Understanding How Ventilation Systems Work

Are you looking for ways to reduce your cooling and heating costs without negatively impacting your indoor comfort? Perhaps you have issues with your home always feeling muggy or your air always being stale and smelly? In any of these situations, the solution could be to upgrade your home or business with a mechanical ventilation system. To understand why this is, let’s take a closer look at how home ventilation systems work and the benefits that they can provide.

The Basics of Ventilation

Ventilation is quite simple. All it involves is bringing fresh air inside the home while at the same time drawing stale, polluted air back outside. Most older homes don’t have any issues with ventilation. This is because they tend to have many more small cracks and air leaks. Due to the pressure inside the home, air is constantly being drawn in from outside through some of the gaps, while air from inside is forced out through gaps on the opposite side of the home. This is useful for replenishing the fresh air in the home, however, it also greatly increases energy waste as it means your HVAC system will need to run more frequently.

You can also speed up the rate of ventilation by turning on the exhaust fan in your bathroom or kitchen. As the air is drawn out, it creates negative pressure in the home. This results in fresh air from outside rushing in through any cracks to balance out the pressure.

Why Proper Ventilation Is So Important

Ventilation is essential for homes and all other buildings. Without adequate ventilation, the air inside will quickly become filled with pollutants and contaminants. This creates major issues with poor indoor air quality and can lead to numerous short- and long-term health issues.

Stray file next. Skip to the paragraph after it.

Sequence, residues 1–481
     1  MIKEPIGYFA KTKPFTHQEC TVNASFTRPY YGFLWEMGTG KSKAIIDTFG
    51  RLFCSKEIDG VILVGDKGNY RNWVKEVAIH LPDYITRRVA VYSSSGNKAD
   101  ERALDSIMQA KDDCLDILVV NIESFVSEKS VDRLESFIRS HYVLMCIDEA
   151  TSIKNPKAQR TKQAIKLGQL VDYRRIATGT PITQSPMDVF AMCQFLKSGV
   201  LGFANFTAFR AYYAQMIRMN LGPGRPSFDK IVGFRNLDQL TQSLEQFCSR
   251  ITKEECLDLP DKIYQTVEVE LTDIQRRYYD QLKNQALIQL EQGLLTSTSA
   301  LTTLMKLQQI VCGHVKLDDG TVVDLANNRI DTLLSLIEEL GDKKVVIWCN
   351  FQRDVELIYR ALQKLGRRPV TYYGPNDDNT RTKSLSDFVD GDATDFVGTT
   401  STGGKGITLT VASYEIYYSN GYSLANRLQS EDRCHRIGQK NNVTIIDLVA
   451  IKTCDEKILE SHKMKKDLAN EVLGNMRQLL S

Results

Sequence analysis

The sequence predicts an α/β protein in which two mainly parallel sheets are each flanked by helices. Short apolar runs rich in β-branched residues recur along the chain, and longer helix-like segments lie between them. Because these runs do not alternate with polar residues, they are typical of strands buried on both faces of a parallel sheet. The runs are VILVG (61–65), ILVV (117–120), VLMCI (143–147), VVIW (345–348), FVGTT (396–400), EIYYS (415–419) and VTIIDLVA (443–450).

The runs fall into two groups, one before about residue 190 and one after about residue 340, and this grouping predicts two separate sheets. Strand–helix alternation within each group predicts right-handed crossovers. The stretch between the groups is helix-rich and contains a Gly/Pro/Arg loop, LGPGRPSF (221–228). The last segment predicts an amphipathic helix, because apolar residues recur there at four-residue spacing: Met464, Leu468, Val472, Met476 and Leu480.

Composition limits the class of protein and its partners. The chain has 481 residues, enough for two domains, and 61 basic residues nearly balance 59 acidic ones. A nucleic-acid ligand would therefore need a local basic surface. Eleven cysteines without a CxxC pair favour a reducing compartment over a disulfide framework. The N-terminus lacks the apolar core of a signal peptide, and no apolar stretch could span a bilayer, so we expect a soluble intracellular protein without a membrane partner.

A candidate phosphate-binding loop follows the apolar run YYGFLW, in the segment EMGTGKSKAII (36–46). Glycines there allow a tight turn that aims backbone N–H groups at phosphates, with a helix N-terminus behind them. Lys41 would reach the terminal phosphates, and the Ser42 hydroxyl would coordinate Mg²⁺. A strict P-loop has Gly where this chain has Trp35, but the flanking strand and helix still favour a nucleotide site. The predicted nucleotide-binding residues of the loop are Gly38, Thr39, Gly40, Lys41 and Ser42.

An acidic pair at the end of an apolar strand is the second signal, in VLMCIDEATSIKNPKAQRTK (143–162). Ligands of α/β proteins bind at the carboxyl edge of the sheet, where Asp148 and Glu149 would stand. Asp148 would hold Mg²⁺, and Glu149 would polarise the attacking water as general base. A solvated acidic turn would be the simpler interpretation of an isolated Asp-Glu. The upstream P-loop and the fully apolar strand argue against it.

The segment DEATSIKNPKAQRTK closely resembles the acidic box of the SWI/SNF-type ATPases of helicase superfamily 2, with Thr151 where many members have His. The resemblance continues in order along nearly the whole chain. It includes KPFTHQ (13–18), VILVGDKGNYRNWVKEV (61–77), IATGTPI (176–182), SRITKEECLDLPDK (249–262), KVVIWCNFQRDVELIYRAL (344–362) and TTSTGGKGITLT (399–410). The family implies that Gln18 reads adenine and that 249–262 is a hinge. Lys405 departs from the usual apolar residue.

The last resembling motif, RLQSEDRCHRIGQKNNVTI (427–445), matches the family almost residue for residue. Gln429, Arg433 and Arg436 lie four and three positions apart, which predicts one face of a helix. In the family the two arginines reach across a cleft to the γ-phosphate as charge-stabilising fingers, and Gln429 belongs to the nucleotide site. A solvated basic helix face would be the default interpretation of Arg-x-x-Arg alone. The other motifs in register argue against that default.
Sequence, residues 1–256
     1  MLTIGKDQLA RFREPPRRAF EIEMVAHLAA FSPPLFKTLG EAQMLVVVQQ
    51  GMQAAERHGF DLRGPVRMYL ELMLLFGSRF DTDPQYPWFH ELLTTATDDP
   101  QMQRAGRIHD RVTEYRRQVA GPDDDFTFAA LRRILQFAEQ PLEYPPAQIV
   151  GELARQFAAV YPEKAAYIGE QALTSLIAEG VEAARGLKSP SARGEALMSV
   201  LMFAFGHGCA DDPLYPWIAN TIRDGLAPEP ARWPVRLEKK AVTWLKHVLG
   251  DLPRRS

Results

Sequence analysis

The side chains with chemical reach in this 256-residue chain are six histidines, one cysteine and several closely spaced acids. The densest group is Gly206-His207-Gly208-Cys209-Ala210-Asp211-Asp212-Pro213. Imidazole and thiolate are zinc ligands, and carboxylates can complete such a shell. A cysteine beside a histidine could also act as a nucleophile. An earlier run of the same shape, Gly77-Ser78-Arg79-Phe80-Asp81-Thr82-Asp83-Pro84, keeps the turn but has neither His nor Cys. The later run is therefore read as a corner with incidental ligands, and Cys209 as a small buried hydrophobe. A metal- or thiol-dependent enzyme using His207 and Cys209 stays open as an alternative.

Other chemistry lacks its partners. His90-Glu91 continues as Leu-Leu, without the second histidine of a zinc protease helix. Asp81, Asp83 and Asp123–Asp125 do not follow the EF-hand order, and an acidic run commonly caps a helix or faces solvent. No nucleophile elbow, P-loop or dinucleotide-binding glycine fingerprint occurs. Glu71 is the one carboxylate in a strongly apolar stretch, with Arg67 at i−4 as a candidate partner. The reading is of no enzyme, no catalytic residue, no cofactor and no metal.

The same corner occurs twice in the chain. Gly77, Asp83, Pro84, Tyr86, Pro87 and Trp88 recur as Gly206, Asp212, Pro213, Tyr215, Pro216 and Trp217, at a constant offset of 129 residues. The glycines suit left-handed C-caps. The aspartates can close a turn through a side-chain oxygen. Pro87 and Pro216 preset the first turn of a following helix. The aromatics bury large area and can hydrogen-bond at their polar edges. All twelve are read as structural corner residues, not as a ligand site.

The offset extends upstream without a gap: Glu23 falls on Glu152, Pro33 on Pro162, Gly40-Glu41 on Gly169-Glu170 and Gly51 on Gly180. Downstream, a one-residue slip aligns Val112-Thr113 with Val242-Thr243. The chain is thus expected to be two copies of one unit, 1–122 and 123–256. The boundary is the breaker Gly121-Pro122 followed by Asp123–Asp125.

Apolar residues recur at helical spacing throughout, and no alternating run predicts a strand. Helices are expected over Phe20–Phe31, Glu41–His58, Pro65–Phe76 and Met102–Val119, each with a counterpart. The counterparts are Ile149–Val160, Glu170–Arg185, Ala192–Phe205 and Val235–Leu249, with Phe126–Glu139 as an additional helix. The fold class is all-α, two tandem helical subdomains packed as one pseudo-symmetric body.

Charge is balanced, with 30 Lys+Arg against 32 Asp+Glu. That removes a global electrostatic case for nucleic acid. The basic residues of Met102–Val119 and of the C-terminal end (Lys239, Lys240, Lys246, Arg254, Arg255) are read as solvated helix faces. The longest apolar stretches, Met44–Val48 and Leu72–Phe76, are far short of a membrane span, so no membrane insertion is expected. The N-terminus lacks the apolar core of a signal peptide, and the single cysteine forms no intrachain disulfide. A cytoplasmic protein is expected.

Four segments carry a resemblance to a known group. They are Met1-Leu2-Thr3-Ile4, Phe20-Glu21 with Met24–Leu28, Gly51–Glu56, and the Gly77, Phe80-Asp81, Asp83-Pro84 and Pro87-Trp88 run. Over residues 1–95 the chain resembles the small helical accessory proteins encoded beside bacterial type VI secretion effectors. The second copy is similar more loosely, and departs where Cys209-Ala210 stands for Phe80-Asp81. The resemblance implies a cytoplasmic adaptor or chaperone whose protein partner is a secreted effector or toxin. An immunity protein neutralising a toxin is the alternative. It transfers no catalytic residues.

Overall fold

Ventilation is also important as the humidity level will quickly rise if you don’t have a way to vent air out from inside the building. The main reason is that people give off lots of heat and moisture. The more people there are in the building, the quicker the humidity level will rise. Plants and animals inside the building will also produce lots of moisture, The same is true for cooking, bathing and running your dishwasher. High humidity will make it so your air conditioning struggles to keep your home cool. If the humidity level rises high enough, you may also end up having issues with mold and mildew inside your home.

Types of Ventilation Systems

There are a number of different systems that can help ventilate your home. The most basic type is a whole-house fan. These are installed in your attic and connected through a vent in one of your ceilings. If you turn the fan on and open a window or door, stale air will be drawn up into your attic and blown out through an attic vent. This process creates negative air pressure that brings fresh air in through the open window or door. The only issue with this type of ventilation is that it only works with your windows open, which makes it mostly useless during the middle of the winter or on any hot, humid days. The other issue is that you don’t want to run your heating or AC when you use a whole-house fan. Since it requires you to leave your windows open, all you’ll end up doing is wasting tons of energy.

Instead, we recommend that you install either a heat recovery ventilator (HRV) or an energy recovery ventilator (ERV). Both systems eliminate temperature fluctuation issues that are common with other types of mechanical ventilation. However, ERVs are usually the better option in Texas and other humid climates for reasons that you will soon see.